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Rights group slams child executions in Saudi Arabia

18 April 2016 9:20



Human Rights Watch has denounced as “appalling” Saudi Arabia’s move to hand down death penalty to child offenders, as three nationals are awaiting execution for alleged protest-related crimes committed while they were children.

“Sentencing alleged child offenders to death is an appalling example of the Saudi court system’s injustice,” Sarah Leah Whitson, the Middle East director of HRW, said on Sunday.

The rights group obtained and analyzed the trial judgments that the Specialized Criminal Court, Saudi Arabia’s terrorism tribunal, handed down in 2014 against Ali Mohammed al-Nimr, and in a separate case, against Dawood al-Marhoon and Abdullah al-Zaher.

Saudi judges based the capital convictions primarily on confessions that the three defendants later retracted in court while saying they had been coerced.

HRW said the courts did not investigate the allegations that the confessions were obtained by torture.

It said that the judgment analysis reveals blatant violation of due process violation, including denial of access to lawyers before and during lengthy pretrial detention, when investigators obtained the confessions.

A Saudi boy holds a placard during a protest outside a mosque in Kudeih, in the mainly Shia coastal town of Qatif, on May 24, 2015. (AFP photo)

 “Not only are these three young men sentenced to death for alleged crimes they committed as children, but the courts didn’t even bother to investigate when they said they were coerced to confess,” Whitson said.

The three young Shia Muslims were arrested in 2012 over their alleged roles in anti-regime protests in the Qatif region of the Eastern Province.

Citing local activists, the rights group said that more than 200 people from Shia-majority towns and villages in the Eastern Province have gone on trial for similar offenses since 2011.

Mostly Shia residents of Eastern Province towns such as Qatif, Awamiya, and Hufuf have repeatedly held protests over discrimination by the government since 2011.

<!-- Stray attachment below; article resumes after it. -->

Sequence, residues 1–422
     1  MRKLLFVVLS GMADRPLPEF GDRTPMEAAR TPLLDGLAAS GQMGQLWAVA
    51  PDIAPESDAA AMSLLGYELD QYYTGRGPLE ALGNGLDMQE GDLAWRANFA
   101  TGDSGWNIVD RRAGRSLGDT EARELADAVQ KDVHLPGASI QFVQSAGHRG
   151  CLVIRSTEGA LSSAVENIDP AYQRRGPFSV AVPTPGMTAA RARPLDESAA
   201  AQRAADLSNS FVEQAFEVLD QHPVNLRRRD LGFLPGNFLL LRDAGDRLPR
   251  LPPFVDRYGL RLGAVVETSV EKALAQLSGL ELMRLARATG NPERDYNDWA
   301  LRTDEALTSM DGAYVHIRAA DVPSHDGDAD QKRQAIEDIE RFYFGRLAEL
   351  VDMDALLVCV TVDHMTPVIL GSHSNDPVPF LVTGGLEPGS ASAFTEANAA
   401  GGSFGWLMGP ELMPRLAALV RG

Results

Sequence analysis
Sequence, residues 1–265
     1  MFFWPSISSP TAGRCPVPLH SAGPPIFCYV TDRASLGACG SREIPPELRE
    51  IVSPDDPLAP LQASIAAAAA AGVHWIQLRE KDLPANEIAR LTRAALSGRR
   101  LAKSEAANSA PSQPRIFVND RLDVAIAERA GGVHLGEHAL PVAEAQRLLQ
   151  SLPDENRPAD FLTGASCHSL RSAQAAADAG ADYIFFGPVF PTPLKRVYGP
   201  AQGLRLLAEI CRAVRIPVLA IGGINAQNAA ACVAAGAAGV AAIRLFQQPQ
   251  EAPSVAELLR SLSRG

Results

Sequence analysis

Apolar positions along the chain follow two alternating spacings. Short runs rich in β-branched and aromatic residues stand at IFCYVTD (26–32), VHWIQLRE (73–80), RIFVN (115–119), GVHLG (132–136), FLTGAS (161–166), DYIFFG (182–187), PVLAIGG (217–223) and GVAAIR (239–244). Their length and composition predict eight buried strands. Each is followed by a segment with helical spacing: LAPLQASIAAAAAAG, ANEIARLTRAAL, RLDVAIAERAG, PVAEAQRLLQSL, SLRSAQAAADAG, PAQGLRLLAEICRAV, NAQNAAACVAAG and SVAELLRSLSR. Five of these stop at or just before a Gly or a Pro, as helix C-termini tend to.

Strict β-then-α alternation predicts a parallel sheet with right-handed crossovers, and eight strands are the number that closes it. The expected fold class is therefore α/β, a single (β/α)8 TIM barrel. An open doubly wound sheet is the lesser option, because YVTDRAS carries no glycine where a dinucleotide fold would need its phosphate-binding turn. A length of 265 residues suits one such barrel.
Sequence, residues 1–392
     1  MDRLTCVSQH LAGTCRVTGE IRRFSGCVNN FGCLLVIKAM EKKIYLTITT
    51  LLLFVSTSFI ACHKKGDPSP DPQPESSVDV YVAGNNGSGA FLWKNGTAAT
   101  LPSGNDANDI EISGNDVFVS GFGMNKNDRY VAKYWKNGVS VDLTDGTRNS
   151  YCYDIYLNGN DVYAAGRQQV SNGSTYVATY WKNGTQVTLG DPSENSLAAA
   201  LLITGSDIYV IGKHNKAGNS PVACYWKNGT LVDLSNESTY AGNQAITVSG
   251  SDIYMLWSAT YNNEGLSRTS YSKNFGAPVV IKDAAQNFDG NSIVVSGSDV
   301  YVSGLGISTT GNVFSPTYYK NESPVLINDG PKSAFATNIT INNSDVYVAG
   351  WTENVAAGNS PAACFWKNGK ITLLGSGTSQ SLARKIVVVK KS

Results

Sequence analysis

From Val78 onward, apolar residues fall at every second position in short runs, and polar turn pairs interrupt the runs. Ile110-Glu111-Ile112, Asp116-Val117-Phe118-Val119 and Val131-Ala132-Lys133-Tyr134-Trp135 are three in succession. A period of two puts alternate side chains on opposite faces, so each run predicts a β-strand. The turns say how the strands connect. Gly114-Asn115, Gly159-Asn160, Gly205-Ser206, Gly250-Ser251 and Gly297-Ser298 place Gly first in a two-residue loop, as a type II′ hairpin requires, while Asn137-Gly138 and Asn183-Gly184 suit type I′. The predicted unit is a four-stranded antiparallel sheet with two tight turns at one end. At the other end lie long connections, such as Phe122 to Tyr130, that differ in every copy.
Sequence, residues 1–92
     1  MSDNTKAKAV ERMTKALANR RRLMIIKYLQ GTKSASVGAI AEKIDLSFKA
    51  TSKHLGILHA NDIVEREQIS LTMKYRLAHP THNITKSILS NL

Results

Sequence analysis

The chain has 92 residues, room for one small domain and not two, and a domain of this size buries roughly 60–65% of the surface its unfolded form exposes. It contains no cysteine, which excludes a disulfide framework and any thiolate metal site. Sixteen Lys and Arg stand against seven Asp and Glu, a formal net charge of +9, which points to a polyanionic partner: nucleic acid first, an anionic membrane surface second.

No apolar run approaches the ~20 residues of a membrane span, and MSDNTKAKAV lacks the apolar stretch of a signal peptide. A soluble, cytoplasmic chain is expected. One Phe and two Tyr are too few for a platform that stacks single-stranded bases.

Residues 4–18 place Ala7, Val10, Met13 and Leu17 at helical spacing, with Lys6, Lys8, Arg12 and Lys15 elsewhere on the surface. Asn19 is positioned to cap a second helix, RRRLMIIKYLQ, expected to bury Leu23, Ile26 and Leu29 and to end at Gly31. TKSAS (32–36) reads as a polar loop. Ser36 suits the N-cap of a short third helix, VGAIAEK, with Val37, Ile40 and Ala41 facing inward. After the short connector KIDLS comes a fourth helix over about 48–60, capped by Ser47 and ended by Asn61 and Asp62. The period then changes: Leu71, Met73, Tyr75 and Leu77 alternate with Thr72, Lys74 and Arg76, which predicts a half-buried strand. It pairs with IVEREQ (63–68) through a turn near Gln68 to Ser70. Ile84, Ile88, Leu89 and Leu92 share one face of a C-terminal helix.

“Unfair trials of Shia citizens are simply another way Saudi Arabia has tried to silence its citizens’ demands to end long-term discrimination,” Whitson said.

“The authorities should not compound their repression by killing child offenders,” she added.

Al-Marhoon and al-Zaher are facing a range of charges, including “participating in marches and gatherings … and chanting slogans against the state” and throwing Molotov cocktails at police patrols.

Al-Nimr, the third defendant, is the nephew of prominent Shia cleric Ayatollah Sheikh Nimr Baqir al-Nimr, who was executed in January on charges of disturbing the kingdom’s security, making anti-government speeches, and defending political prisoners.

Al-Nimr and al-Marhoun were both 17 at the time of their arrests, while al-Zaher was 15. With all appeals exhausted now, the three could be executed at any time.

The court found the three activists guilty based on their confessions. Al-Nimr’s family members said he agreed to sign the confession only after interrogators told him that they would then release him.

Defense lawyers for al-Zaher and al-Marhoun said that both boys had been beaten and threatened with further beatings if they did not sign confessions written by interrogators.

Lawyers for all three men asked the court to summon the people who interrogated the defendants to clarify the circumstances leading up to their confessions, but judges ignored the requests.

The three men were detained without charge for up to 22 months and denied access to lawyers before and during their trials.

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